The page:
File:Soybean.USDA.jpg
Soybeans in a plantation

Nattō is made from soybeans, typically a special type called nattō soybeans. Smaller beans are preferred, as the fermentation process will be able to reach the center of the bean more easily. The beans are washed and soaked in water for 12 to 20 hours. This will increase the size of the beans. Next, the soybeans are steamed for 6 hours, although a pressure cooker can be used to reduce the time. The beans are mixed with the bacterium Bacillus subtilis natto, known as nattō-kin in Japanese. From this point on, care has to be taken to keep the ingredients away from impurities and other bacteria. The mixture is fermented at 40°C for up to 24 hours. Afterwards the nattō is cooled, then aged in a refrigerator for up to one week to add stringiness. During the aging process at a temperature of about 0°C, the Bacilli develop spores, and enzymatic peptidases break down the soybean protein into its constituent amino acids.

Historically, nattō was made by storing the steamed soy beans in rice straw, which naturally contains B. subtilis natto. The soy beans were packed in straw and then left to ferment. The fermentation was done either while the beans were buried underground underneath a fire or stored in a warm place in the house as for example under the kotatsu.

End product

File:Natto boxed.jpg
Today's nattō

Today's mass-produced nattō is usually sold in small polystyrene containers. A typical package contains 2 or 3 containers, occasionally 4 containers, each of 40 to 50 g. One container typically complements a small bowl of rice. It usually includes a small packet of tsuyu and another packet of karashi, a type of mustard. Other flavors of sauce, such as shiso, are available.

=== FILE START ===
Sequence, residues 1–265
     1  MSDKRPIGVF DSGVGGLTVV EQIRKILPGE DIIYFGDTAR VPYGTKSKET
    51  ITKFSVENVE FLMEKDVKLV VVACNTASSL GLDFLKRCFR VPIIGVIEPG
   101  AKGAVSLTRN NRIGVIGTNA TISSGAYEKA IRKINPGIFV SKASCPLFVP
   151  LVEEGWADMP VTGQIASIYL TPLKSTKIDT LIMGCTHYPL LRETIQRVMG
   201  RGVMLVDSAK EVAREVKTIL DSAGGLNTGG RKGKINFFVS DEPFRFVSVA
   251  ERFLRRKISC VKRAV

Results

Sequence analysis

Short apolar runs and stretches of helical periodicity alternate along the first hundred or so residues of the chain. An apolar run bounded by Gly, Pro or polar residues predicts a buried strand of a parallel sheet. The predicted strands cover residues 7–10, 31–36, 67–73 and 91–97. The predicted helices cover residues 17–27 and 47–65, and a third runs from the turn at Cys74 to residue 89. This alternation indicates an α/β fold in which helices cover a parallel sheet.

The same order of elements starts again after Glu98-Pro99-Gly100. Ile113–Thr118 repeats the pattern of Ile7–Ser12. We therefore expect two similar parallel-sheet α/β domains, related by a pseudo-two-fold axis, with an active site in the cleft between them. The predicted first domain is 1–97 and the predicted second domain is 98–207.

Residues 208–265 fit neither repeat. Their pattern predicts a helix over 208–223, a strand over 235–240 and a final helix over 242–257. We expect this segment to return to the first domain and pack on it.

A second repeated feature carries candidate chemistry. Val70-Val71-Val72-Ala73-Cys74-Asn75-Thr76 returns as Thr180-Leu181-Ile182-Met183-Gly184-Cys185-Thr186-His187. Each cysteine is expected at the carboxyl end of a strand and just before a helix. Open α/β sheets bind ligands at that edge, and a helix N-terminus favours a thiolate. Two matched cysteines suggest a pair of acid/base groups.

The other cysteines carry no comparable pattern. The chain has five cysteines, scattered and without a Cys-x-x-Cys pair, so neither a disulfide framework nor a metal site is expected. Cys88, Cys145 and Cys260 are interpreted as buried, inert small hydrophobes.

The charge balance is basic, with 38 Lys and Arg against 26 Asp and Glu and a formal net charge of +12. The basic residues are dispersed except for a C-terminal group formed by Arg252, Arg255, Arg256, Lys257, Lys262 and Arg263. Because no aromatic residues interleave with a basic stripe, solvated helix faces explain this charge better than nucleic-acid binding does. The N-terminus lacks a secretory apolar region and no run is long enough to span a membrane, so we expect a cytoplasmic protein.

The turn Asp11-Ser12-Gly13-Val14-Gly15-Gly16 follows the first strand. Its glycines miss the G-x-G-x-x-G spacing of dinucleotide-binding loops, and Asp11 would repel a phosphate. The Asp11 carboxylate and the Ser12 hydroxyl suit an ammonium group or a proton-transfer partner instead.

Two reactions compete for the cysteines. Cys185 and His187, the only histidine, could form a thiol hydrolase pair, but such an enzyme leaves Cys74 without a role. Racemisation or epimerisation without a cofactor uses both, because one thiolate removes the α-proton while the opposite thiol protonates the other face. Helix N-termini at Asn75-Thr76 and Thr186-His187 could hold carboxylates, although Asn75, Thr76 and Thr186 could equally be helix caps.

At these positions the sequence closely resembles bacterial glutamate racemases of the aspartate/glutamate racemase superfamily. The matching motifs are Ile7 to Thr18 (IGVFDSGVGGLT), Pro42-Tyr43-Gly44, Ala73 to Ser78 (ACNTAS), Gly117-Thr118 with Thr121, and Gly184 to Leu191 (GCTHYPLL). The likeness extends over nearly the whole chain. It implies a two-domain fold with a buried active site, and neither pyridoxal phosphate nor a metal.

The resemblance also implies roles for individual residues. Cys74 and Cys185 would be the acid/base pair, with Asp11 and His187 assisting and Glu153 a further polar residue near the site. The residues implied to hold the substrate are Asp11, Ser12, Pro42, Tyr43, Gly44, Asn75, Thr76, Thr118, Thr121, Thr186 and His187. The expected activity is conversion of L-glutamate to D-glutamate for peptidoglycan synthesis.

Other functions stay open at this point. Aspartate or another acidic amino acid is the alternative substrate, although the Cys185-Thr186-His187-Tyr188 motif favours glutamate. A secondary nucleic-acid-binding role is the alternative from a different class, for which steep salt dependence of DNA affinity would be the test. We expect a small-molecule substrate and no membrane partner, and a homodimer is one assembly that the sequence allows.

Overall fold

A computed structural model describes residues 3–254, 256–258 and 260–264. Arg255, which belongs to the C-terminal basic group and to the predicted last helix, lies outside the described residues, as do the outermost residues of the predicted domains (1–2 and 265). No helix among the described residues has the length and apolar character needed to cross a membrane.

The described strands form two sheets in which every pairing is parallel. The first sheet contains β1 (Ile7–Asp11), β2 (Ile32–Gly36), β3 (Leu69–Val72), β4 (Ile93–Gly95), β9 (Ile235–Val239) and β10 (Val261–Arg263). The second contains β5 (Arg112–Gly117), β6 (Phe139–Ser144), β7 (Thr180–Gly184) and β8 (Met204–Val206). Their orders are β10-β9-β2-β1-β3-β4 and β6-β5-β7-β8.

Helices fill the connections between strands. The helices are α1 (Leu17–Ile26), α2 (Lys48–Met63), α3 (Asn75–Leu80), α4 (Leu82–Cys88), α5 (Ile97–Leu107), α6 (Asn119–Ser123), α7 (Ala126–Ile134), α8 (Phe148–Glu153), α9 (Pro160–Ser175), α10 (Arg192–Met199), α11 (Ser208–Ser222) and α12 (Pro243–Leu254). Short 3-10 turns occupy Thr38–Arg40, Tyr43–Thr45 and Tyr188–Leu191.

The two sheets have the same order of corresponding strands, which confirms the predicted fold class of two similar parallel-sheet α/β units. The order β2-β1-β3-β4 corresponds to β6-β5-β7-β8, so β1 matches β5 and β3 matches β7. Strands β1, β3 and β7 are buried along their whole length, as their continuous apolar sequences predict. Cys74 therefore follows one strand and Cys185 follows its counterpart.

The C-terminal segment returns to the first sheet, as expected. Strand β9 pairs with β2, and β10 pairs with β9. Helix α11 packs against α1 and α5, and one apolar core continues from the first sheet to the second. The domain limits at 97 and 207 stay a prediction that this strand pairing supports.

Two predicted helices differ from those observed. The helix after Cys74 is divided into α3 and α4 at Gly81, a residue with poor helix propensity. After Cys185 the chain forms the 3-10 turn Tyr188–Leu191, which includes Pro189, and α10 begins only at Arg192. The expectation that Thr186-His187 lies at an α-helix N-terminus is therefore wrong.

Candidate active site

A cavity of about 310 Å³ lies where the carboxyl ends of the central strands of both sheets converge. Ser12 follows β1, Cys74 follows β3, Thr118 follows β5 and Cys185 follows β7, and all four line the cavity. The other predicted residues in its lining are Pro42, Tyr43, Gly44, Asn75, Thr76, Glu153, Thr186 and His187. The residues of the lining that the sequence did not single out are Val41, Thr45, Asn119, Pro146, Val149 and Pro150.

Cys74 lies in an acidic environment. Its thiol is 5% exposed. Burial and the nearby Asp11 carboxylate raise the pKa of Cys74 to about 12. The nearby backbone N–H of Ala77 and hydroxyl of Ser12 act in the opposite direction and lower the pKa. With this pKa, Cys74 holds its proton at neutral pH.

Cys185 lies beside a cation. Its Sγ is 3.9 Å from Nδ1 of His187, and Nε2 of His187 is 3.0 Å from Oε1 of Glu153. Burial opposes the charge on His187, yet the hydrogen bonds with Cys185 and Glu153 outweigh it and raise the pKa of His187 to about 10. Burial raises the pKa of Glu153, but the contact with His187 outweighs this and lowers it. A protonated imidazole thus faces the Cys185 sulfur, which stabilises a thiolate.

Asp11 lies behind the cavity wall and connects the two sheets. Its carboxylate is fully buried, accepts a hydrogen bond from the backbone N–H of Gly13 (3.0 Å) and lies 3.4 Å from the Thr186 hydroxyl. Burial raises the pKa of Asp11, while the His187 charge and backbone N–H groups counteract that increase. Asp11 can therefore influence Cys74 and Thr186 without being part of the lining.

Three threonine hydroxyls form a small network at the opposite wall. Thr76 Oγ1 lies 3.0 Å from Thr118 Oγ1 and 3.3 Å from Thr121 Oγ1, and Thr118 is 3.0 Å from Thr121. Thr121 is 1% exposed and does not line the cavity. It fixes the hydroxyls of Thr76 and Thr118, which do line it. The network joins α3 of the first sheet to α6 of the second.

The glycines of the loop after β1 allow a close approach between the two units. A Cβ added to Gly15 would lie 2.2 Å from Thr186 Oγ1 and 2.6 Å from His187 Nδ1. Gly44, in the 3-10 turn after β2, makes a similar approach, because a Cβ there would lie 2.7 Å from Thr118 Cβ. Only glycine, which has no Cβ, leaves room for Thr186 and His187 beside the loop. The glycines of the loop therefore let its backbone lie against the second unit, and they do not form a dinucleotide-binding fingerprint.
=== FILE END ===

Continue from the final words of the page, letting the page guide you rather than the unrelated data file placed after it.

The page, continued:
Mito City and Kumamoto Prefecture are famous as nattō-producing districts.

Outside of Japan, nattō is sometimes sold frozen, and must be thawed before consumption.

Medical benefits

It is often said in Japan that nattō is good for health, and these claims can be backed by medical research. One example is Pyrazine contained within nattō. Pyrazine is a compound which in addition to giving nattō its distinct smell, also reduces the likelihood of blood clotting. It also contains a serine protease type enzyme called nattokinase[1] which may also reduce blood clotting both by direct fibrinolysis of clots, and inhibition of the plasma protein plasminogen activator inhibitor 1. This may help to avoid thrombosis, as for example in heart attacks, pulmonary embolism, or strokes. An extract from nattō containing nattokinase is available as a dietary supplement. Studies have shown that oral administration of nattokinase in enteric capsules leads to a mild enhancement of fibrinolytic activity in rats[2] and dogs. It is therefore plausible to hypothesize that nattokinase might reduce blood clots in humans, although clinical trials have not been conducted. Another study suggests the FAS in natto is the very substance bringing fibrinolysis of clots, which accelerates the activity of not only nattokinase but urokinase.[3]

Nattō also contains large amounts of Vitamin K, which is involved in the formation of calcium-binding groups in proteins, assisting the formation of bone, and preventing osteoporosis. Vitamin K1 is found naturally in seaweed, liver and some vegetables, while vitamin K2 is found in fermented food products like cheese and miso. Nattō has very large amounts of vitamin K2, approximately 870 micrograms per 100 grams of nattō.

According to a study fermented soybeans like Natto contains Vitamin PQQ, which is very important for the skin.[4] PQQ existing in human tissues is derived mainly from diet especially from fermented soybeans.


According to the recent studies polyamine suppresses the excessive immune reactions, and natto contains much larger amount of it than any foods.[5] Dietary supplements containing the substances extracted from natto such as polyamine, nattokinase, FAS and vitamin K2 are available.